Federal Communications Commission

FCC Takes Critical Step Forward in the Deployment of a Nationwide Public Safety Broadband Network for America’s First Responders

May 18th, 2010 by Jamie Barnett - Chief, Public Safety and Homeland Security Bureau

The failed bombing attack in Times Square on May 1, 2010 is another sobering reminder of our Nation’s need for a robust communications network for our Nation’s first responders.  To address this pressing need, the Commission’s National Broadband Plan (“NBP”) recommended that a nationwide interoperable public safety broadband network be created, and outlined the steps for our Nation to achieve this goal. Now, only a couple months after releasing the NBP, the Commission has taken another critical step forward to further the deployment of this nationwide network and the realization of this essential component of our Nation’s public safety and national security infrastructure.

On May 11, 2010, the Commission unanimously adopted an order granting conditional approval of 21 petitions filed by cities, counties and states that sought waiver of the Commission’s rules to permit them to move forward with the construction of regional or statewide interoperable wireless broadband networks in the 700 MHz public safety broadband spectrum.  By acting on the petitions, the Commission not only enabled the petitioners to begin deployment of their networks, but provided a potential path forward for eventual development of a truly nationwide public safety broadband network.  Of particular, importance the Commission required the waiver recipients to proceed with the deployment of their networks under uniform terms and conditions, which will ensure that all the networks being deployed are technically compatible and fully interoperable.  The Commission also directed the waiver recipients to coordinate their efforts with the newly formed Emergency Response Interoperability Center (“ERIC”), which is developing a common interoperability framework that will apply to all public safety broadband networks.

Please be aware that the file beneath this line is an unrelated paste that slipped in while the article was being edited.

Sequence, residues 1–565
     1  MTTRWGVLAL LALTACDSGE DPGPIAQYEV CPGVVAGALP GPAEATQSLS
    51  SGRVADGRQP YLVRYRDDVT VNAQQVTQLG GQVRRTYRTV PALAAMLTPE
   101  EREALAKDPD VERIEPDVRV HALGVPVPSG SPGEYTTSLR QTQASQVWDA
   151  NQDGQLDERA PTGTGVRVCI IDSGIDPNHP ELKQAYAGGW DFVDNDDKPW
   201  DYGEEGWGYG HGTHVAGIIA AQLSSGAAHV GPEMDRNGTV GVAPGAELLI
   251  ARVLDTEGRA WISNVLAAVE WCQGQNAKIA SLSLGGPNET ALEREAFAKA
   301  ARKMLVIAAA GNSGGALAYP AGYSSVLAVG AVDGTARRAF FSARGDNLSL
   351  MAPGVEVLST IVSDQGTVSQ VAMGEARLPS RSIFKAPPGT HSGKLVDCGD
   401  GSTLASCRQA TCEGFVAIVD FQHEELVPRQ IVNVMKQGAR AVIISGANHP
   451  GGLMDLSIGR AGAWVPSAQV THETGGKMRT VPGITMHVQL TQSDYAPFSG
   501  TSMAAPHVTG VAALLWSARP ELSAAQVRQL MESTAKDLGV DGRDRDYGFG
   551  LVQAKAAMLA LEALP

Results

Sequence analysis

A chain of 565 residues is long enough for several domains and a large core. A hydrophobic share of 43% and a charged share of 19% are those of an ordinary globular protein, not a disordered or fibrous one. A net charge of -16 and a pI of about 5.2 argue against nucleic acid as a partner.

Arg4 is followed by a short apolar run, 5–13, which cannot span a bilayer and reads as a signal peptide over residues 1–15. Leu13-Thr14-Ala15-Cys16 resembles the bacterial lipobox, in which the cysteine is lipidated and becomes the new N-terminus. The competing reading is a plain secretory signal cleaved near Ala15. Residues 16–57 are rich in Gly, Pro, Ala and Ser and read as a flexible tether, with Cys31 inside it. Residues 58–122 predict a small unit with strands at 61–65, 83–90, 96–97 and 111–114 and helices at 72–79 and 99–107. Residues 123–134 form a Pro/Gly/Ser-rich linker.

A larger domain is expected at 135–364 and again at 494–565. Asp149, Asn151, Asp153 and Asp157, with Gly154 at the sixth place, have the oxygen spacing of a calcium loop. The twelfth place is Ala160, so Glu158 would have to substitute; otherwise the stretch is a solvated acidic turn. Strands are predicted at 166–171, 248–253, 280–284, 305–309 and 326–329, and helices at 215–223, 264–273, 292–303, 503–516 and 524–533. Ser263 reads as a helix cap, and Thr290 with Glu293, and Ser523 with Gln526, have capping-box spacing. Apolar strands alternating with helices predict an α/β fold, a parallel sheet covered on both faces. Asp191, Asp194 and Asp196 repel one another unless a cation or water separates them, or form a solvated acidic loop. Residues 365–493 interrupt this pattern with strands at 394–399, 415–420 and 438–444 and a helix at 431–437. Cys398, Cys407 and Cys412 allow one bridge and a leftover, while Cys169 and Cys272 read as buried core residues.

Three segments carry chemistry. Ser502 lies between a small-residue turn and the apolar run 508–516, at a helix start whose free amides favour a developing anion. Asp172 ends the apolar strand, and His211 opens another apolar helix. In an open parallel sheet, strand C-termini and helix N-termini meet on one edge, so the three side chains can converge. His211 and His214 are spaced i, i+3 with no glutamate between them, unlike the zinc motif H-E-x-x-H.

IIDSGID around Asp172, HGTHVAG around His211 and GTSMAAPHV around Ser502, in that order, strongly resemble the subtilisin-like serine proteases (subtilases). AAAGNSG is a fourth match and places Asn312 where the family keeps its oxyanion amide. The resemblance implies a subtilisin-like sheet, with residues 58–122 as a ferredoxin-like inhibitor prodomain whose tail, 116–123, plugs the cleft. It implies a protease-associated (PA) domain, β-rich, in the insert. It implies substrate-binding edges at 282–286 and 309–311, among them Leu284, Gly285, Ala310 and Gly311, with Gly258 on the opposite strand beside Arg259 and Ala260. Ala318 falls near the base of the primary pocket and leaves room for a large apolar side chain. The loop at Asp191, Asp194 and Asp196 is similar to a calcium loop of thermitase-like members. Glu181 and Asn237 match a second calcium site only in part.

The Commission was urged by many in the public safety community to act expeditiously.  Others recommended caution due to concern over the ability to integrate any early deployments into a later network.  The waiver order, and the path forward it provides, balances these concerns.  By acting now, the Commission enables public safety to take advantage of current and imminent development of 4G technology by commercial providers, which will provide the technological basis for deployment in the 700 MHz band beginning later this year.  Public safety can also begin to engage in the broader 4G development process to ensure that the process addresses public safety’s needs.  Finally, the Commission’s action will enable the waiver recipients to take advantage of funding opportunities and leverage existing deployment plans that may be time sensitive.
In response to those that recommended caution in light of the larger rulemaking proceeding, the Commission made clear that its grant of waivers does not prejudge the outcome of that proceeding.  The Commission also noted that the deployment of actual networks could serve to inform the record in the larger rulemaking. 
There remains much more hard work to be done before our Nation’s first responders have at their ready a nationwide interoperable public safety broadband network.  We are all aware that it will not happen overnight.  But, with the commencement of deployment through the Waiver Order, the Commission has taken a critical step forward toward that goal.

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